Blake: Permanent Second Lieutenant
By the time late August had rolled around in 1943, we had known Blake nearly a year and a half. By that time, too, the Sicilian campaign had ended and the 157th Infantry Regiment was in bivouac on the north coast of Sicily. General Montgomery and the British and Canadian troops of his 8th Army were busy at the far eastern end of the island preparing to cross over into Italy and continue chasing the Germans. For General Patton's American 7th Army, the fighting was over. We were back in a rest area and our 2nd Battalion aid station was comfortably situated in a grove of ancient olive trees on a hillside overlooking the peaceful, blue Mediterranean, about midway between the cities of Palermo, thirty miles to the west, and Cefalu to the east. We use the phrase "comfortably situated" reservedly. At least we were stationary, no one was shooting at us, and, for the first time, we were able to shed the dusty woolen clothes we had lived in for weeks. The kitchen units were functioning (also for the first time) K and C rations were forgotten temporarily, and we were eating three prepared meals a day sitting at a makeshift, wooden-trestle table in the shade of the olive trees.
The weather remained hot and dry, but the burning, daylight sunshine was tempered by a constant sea breeze which also brought a pleasant chill to the nights. We had set up our aid station tent for the first time, and the men had paired off into their shelter-half tents. Most of us, however, still preferred to sleep in the open on top of our bedding rolls and sleeping bags under a tent of mosquito netting. The mosquitoes weren't bad in our location, but the flies were plentiful and ferocious. We had captured an Italian officer's field bathtub, a flimsy aluminum affair tacked onto a board base. It leaked alarmingly around the nail holes attaching it to the wood, but with someone pouring water into the perforated tin can shower head that hung from an olive branch, it was a joy to bathe standing on something smooth and clean again instead of bare, rocky soil. After showering, we used the accumulated soapy water in the tub to wash clothes.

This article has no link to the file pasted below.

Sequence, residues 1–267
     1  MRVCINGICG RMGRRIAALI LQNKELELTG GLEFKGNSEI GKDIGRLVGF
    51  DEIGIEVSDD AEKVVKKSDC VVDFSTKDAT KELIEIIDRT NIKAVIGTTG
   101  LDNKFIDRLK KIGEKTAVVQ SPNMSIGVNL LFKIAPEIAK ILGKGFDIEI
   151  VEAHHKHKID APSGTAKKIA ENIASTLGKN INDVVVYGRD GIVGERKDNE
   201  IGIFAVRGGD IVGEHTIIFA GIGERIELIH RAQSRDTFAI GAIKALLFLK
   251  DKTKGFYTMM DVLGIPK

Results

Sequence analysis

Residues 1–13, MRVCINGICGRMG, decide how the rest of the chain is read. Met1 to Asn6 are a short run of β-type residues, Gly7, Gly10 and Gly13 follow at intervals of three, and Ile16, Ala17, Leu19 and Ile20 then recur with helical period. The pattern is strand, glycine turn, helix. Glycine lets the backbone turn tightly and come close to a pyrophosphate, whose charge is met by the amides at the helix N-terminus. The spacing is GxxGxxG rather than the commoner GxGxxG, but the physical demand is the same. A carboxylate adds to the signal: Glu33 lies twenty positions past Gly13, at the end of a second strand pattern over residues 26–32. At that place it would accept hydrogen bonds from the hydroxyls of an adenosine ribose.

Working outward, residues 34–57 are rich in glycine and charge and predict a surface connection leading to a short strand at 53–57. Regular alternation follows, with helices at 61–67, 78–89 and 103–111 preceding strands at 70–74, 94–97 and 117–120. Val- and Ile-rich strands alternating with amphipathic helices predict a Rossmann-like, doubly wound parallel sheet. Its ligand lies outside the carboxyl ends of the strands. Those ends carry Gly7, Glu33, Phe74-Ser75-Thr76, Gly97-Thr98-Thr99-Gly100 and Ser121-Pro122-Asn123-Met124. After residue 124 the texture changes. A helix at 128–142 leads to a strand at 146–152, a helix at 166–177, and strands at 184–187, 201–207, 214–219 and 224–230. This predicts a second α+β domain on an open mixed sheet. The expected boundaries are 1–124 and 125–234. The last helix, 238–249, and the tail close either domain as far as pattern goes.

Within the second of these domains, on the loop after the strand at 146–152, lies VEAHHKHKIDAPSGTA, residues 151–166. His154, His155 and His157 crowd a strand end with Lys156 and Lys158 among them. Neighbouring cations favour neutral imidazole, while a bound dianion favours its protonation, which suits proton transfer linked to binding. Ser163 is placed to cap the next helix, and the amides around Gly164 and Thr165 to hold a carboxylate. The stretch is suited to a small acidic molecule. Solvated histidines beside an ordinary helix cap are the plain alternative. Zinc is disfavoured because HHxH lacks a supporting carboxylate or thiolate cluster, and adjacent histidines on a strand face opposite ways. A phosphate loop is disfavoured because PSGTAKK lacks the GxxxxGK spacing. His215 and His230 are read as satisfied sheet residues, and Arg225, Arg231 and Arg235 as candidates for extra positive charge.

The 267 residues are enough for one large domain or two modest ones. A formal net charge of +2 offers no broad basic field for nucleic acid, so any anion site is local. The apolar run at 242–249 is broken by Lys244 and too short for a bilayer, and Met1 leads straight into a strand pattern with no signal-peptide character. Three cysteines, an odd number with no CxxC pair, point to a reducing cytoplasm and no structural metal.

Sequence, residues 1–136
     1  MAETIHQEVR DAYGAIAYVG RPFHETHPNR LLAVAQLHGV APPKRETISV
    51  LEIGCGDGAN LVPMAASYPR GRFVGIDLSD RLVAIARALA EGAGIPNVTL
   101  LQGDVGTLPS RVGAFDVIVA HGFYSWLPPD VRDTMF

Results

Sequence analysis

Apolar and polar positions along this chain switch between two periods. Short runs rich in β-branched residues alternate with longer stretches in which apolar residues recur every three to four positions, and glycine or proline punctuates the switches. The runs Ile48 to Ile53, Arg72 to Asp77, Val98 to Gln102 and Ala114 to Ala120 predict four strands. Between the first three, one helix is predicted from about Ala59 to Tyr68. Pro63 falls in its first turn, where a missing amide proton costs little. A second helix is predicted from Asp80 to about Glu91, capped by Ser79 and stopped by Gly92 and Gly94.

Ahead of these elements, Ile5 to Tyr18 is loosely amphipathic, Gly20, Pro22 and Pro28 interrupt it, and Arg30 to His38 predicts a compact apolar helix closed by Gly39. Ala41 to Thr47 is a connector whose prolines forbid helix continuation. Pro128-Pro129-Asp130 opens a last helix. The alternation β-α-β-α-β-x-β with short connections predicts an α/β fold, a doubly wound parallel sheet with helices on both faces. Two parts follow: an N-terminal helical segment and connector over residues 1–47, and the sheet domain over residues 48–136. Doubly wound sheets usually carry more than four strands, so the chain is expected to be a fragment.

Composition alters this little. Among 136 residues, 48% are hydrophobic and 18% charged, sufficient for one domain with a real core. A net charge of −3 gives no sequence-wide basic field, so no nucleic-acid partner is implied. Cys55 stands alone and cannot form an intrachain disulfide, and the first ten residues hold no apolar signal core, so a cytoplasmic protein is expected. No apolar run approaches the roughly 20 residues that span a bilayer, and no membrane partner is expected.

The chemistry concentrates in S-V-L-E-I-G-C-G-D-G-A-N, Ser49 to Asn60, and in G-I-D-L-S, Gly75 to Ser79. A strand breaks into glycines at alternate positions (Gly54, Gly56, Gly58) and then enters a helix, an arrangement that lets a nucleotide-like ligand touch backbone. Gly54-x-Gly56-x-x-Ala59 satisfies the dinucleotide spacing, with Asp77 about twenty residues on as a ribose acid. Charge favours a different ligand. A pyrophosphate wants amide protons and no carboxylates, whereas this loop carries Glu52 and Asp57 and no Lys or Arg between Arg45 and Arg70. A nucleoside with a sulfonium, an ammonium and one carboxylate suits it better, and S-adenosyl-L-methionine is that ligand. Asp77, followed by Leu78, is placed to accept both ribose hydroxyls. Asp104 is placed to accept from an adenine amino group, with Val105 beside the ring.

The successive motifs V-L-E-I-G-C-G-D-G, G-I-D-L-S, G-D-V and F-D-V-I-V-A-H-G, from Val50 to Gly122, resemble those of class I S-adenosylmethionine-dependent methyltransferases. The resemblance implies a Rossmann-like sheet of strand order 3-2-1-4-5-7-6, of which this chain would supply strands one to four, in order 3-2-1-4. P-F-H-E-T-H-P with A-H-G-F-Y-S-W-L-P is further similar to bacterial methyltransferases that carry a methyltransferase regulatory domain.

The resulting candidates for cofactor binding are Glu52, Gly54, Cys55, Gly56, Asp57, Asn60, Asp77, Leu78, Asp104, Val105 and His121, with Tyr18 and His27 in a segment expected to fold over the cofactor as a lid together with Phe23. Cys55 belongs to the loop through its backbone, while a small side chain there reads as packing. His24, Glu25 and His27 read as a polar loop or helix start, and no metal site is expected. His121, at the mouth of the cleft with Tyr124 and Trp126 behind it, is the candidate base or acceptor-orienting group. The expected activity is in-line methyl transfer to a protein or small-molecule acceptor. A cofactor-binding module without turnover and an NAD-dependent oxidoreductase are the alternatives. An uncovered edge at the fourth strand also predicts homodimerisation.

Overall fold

Apart from the daily visitors who came by regularly for minor medical treatment or conversation, we had a small chummy group who made our luxurious, aid station country club area its home, Abba Messe, the Assistant Battalion Surgeon, Jack Weiner, the Battalion Intelligence Officer, George Viereck, Weiner's Intelligence Corporal, Bill Galvin, the Regimental Intelligence Officer, and Blake. We joined in the softball and volleyball games. We played bridge, gin rummy, drank lemon powder drink spiked with grain alcohol, we laughed at Weiner's Yiddish stories and talked endlessly. Most of all we loved to get Blake started on stories.
Blake was undoubtedly the star of our gathering. He had been born in Reading, Pennsylvania, the younger of two sons of a wealthy manufacturing family. His parents had died young, and his upbringing and education had been taken over by a devoted brother. His four years of secondary schooling were spent at New York Military Academy. He had just graduated from the University of Pennsylvania when he was drafted into the Army. He had attended OCS at Fort Ord in California, and then joined the 45th Division as a Second Lieutenant in the spring of 1942. In his time with the Regiment, he had been shunted around into every conceivable job that a shave tail could hold, and had remained unpromoted. He was known as an incorrigible goof off, a permanent Second Lieutenant.
Blake was extremely intelligent and willing. It was just his complete unconcern with the thousand petty annoyances and obligations of military service, and his complete disregard of time and punctuality that kept him in constant hot water with the brass. We knew his story by heart: after four years of model behavior during the regimented life at New York Military Academy, where every hour of every day was scheduled down to the fraction of a minute, on the day of graduation he threw away his watch and vowed never to look at another timepiece again. He had coasted through the University of Pennsylvania in unscheduled, happy go lucky fashion and somehow had gotten through officer's school in the same manner. He had survived, with no change of habit, more than a year of stateside training with the Division. He saw no reason to alter his philosophy then and, actually, the free and easy life of real combat suited him best of all.